Sometimes I wonder what would happen to our culture, our psyche, and our economy if it were illegal to airbrush any public photos. I mean, I’m curious about what all of the pictures we see on the covers of magazines and billboards actually look like before they’re tweaked in Photoshop.
As a consumer, when I look at ads with women sans any flaws at all – it does something to my brain. I think that the image I see is attainable by using the product, even though I intellectually know that the image has been manipulated to create a theoretical unicorn.
I look at these pictures and I can tell when the model’s arm has been slimmed down to 1/3 of its actual size. I can tell when all of her wrinkles have been wiped out, and I can also tell when her midsection has been pulled in to create an hourglass shape.
I know this stuff because I’ve been one of those models in the past. I’ve had cellulite erased, muscles more defined, moles wiped out and skin tone brightened. In the moment of watching these pics being edited, my Higher Self felt funky about it, but my Ego was all for it. As a health and fitness expert, role model, and public figure, I was attached to presenting myself as a real life Barbie. The last photo shoot I did was five years ago, and I decided I didn’t want to be a part of the false representation that is so common in our world today.
However, rather than taking pictures without them being edited, I just covered my body and didn’t bare any skin. I still shamed by body for having cellulite and marks or imperfections on my skin. I thought, “If I can’t look airbrushed in real life, I shouldn’t take pictures at all…”
By hiding and not speaking my truth, I was playing small and not being of service.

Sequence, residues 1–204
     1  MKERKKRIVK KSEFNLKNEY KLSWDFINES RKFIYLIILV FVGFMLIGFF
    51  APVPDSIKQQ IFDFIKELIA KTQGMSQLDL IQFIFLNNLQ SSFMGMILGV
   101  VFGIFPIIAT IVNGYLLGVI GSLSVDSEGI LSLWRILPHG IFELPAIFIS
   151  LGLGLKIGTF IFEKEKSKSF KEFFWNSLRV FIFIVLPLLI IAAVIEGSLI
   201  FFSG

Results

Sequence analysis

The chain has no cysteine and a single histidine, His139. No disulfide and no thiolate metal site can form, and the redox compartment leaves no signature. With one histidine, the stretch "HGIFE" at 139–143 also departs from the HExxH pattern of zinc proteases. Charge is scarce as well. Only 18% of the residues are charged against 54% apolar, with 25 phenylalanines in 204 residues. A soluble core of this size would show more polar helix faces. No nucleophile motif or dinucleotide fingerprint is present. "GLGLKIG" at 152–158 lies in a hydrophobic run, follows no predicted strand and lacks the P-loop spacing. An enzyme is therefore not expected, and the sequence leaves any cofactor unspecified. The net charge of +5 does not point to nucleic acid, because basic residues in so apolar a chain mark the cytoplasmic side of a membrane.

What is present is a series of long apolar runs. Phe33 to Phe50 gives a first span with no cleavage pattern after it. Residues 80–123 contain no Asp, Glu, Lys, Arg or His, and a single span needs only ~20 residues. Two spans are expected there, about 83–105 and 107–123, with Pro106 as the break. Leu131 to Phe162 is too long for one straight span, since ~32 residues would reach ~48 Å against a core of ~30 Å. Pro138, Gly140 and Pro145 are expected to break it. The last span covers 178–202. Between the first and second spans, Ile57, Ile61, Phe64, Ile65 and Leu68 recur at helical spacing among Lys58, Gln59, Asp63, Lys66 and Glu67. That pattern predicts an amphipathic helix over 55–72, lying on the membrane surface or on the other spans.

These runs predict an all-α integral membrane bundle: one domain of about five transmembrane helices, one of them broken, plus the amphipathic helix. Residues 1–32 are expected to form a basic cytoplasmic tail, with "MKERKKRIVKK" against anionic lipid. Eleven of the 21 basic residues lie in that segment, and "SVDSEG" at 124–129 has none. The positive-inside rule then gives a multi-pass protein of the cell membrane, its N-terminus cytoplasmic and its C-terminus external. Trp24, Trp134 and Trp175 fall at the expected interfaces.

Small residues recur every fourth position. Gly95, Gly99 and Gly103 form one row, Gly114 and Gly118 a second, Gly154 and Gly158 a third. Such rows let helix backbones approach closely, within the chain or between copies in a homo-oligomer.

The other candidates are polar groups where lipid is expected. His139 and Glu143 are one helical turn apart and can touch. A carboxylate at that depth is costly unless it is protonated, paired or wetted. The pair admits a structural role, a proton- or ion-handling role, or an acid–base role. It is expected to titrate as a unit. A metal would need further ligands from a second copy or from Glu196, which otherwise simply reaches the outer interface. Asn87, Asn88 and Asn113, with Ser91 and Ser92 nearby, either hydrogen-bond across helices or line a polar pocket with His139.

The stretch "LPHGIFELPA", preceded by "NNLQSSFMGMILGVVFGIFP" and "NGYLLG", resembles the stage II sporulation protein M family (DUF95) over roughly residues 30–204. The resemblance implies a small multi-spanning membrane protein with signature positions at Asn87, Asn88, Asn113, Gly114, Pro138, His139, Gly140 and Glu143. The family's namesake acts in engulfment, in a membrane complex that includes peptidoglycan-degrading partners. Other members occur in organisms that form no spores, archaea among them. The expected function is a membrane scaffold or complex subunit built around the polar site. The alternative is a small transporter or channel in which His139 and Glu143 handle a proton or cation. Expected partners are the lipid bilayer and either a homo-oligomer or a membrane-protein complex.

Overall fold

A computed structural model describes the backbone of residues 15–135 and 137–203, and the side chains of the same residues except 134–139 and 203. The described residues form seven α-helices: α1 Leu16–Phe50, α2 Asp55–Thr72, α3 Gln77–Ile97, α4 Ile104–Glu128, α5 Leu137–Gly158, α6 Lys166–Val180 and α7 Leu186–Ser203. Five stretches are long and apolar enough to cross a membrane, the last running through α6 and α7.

Every day, women are subjected to as many as 600 airbrushed images and these pictures are what we use as our barometer for what we are supposed to look like. I did some searching on Google and found some shocking before and afters. It’s a frustrating journey to be on when we’re chasing something that isn’t even attainable. We look at the perfected, after images and then turn to the nearest mirror and see what we consider to be imperfections. We make ourselves wrong for not being perfect and then we invest. Beauty products are sold faster than any other product in the world.
FIX, FIX, FIX…
I soon realized, through my own suffering of not attaining Barbie’s measurements, that it’s my purpose in life to inspire women and men to LOVE their bodies EXACTLY as they are in this exact moment. No airbrushing happens in any of my pictures now. I’m in control of all of my images, and I’m committed to what I stand for. Health and fitness goals are awesome, and I continue to encourage them with everyone I encounter, but my approach is different now.
Rather than having people chase ‘x amount’ of calories burned, a bikini-ready body, or melted inches off their waist, I advocate SELF-LOVE in this exact moment. When you love yourself, you do things to support that love. You move your body DAILY. You eat healthy, nourishing food. You allow yourself the rest your body is craving.
Soon enough, your clothes start to feel looser. Your range of motion increases. Your body feels light and movement is effortless. You wake up bright-eyed and bushy-tailed. Your hormones are balanced and your sugary food cravings disappear. If your goal is to be healthy and happy, a radiant and vibrant body will be a natural byproduct of that mission.
As a society, we’ve been putting the cart before the horse, or unicorn, rather.
It is my responsibility to love myself in this exact moment, so I can be an invitation for all women, and men, to accept who they are. We all are beautiful and unique in our own way. We don’t need to be perfect, because we are perfectly imperfect.
BeYOUtiful. BeYOUnique. Be YOU. And remember:
Love all that is you,
Jenna Phillips is a Total Wellness Philosopher, Certified Holistic Lifestyle Coach, AFAA Certified Personal Trainer & the founder of her lifestyle brand I’m On A Mission. Follow her on Twitter and be inspired.